When I meditate, I’m standing and breathing with the earth, holding the sun and the moon in my heart, placing my foot upon a stone and going through a recitation of prayer to bring myself into harmony and alignment with the earth, and to agree to cooperate with its energies. It’s all for liberation of myself, and liberation of other people. After meditation, I might direct energy with a wand for a specific purpose, like cleansing myself of unhealthy energies, invoking certain energies through esoteric symbols like hexagrams. I usually complete my practice with an affirmation, a statement that I can carry with me throughout the day.
The Professional Practice
I guide people through passages in their lives. I incorporate several things into my practice that I consider part of my witchcraft that may not be part of everyone else’s — I use energy art, like reiki, chanting, crystals. I incorporate massage for some clients, as I’m a certified massage therapist. I do intuitive reading and psychic work. All those things can intermesh.
I give sessions, usually 90 minutes [$150 each session, per his website], where a client and I will breathe, discuss what they’re here for and meditate. I might receive a message from the spirits I work with, then I read from that place and we’ll have a conversation around that. We might call deities or angels into the space, or ancestors. We might do reiki, or I might guide them with imagery. Then we’ll discuss what they experienced, why and what they can do next, like writing these things down and burning them on the full moon, or going to the ocean and making a flower offering by tossing them in the water. It all depends on the person.
On November 7th — the more astrologically accurate Halloween for me, representing the midpoint between the Autumn Equinox and the Winter Solstice — I’m helping host an “ancestral dinner” at A Love Bizarre, a shop in L.A. We’re gonna create a few tables for people and set up a chair for those who passed, serve food, do a ritual, invite them [the spirits] in and invite you to spend time with those spirits. If someone’s lost someone recently, the ritual is allowing them to have a conversation and a meal with that person. So we’ll cast a circle, do some incantations, use some incense that helps us connect to the spirit world, and then share stories. For me, the magic is most powerful when we have gratitude for it. Sharing our stories helps with that.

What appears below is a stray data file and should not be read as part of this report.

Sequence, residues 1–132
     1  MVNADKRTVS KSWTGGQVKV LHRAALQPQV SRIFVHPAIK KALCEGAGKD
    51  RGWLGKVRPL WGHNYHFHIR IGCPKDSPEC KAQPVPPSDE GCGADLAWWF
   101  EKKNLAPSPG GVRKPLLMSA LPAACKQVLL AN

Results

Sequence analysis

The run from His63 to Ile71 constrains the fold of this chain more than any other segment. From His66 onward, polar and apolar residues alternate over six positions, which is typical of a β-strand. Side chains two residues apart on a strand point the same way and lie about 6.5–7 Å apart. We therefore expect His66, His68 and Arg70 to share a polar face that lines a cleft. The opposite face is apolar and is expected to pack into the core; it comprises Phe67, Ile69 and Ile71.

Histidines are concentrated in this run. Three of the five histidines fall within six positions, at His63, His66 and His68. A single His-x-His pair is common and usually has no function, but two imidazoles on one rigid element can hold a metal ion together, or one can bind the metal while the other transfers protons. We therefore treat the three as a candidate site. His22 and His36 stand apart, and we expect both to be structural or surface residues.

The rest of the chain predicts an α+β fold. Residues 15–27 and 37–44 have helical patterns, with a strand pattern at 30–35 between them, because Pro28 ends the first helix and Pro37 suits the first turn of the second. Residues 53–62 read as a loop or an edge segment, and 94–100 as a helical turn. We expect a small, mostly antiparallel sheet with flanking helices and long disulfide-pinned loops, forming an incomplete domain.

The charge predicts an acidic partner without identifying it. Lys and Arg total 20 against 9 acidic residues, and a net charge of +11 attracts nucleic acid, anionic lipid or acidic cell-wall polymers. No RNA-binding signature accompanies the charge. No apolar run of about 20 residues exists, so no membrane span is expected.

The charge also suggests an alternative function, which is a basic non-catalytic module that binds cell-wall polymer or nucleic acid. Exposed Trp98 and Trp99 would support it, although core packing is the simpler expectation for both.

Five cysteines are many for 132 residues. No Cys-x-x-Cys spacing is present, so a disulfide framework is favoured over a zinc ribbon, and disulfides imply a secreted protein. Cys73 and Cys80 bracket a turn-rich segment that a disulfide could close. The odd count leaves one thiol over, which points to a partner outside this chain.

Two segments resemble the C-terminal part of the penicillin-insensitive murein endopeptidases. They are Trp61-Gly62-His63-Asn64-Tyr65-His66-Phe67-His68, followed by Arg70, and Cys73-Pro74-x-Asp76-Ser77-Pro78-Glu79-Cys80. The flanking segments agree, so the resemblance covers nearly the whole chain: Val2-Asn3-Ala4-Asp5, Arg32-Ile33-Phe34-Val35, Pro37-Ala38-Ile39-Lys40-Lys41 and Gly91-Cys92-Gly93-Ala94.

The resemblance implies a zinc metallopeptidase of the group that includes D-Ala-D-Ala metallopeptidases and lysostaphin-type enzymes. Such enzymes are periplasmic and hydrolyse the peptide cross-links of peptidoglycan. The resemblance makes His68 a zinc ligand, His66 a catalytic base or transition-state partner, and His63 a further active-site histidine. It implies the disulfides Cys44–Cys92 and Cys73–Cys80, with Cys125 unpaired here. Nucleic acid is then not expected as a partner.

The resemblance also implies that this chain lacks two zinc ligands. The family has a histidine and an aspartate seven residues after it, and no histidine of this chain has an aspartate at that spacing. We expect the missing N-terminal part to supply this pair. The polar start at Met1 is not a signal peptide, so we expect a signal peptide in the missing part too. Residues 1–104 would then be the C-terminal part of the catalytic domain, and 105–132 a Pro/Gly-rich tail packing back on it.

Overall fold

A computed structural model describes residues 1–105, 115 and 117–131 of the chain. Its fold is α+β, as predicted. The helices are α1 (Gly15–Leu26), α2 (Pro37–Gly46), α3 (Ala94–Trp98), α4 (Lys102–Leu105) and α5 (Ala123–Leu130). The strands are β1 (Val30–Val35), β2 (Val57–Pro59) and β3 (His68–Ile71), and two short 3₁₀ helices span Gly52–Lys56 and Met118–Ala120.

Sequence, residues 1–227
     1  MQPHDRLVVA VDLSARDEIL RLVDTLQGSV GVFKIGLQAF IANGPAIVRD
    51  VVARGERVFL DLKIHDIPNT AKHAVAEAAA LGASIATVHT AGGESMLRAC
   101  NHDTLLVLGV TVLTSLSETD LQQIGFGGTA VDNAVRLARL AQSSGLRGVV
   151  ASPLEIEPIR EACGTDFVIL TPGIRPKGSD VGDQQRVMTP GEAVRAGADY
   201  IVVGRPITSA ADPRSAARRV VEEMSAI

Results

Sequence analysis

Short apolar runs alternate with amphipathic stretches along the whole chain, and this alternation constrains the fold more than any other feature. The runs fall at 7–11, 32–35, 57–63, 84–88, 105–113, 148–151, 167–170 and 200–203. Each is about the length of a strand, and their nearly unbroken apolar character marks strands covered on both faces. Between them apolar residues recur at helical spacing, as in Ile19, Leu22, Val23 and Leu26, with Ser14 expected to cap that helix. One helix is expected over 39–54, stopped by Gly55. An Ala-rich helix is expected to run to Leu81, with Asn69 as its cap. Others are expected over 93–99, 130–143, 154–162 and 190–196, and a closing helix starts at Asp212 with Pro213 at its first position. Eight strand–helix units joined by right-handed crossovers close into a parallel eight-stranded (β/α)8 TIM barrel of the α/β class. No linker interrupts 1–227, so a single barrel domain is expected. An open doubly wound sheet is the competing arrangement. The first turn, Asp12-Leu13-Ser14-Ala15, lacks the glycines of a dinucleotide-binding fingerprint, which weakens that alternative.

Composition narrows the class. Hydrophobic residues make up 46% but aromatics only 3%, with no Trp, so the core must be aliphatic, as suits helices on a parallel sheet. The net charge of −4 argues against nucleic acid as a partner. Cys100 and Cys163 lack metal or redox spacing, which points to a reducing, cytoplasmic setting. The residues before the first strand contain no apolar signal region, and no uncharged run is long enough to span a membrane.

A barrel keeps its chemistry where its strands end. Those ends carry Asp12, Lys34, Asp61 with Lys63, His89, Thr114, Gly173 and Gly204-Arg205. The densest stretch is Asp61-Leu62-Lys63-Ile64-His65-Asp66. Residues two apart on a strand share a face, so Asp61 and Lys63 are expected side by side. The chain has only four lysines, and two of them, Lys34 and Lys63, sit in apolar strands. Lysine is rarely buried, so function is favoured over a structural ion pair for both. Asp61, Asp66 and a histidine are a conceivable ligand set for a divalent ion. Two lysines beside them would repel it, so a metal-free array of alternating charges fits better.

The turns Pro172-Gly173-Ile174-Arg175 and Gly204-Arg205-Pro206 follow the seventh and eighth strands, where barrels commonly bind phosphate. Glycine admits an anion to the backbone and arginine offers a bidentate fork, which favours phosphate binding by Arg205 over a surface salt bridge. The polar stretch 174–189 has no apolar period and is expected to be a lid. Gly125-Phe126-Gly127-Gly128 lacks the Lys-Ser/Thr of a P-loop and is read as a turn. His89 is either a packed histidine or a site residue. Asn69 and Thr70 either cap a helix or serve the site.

What the Average Guy Could Gain from the Craft
It would depend on their teacher, but with me, it would help with the ability to self-reflect in an appropriate way. Meditation is a large part of the practice for me, and I think it should be a large part for everyone. It can also help give agency and an understanding of why something didn’t work and how it could in the future.
The underlying emotion we see in a lot of straight men, culturally, is anger. If you live in a culture that oppresses your ability to be emotional because it’s feminizing or negative, what have you got? You’ve got nothing but anger. A lot of men are limited to a certain kind of expression. They think they have to be cool or stoic. One of my friends beautifully refers to anger as a “call to action” — it’s the desire to assert a change. With magic, I can be introspective about the motivation of my anger.
Grief, sadness and anger are all things we suppress. They become assigned to the shadow realm — they creep up in certain ways, and we project them onto other people. When we do magic, we create a space to tap into the anger and discover what it really is that wounded us, and to take that power and go somewhere with it.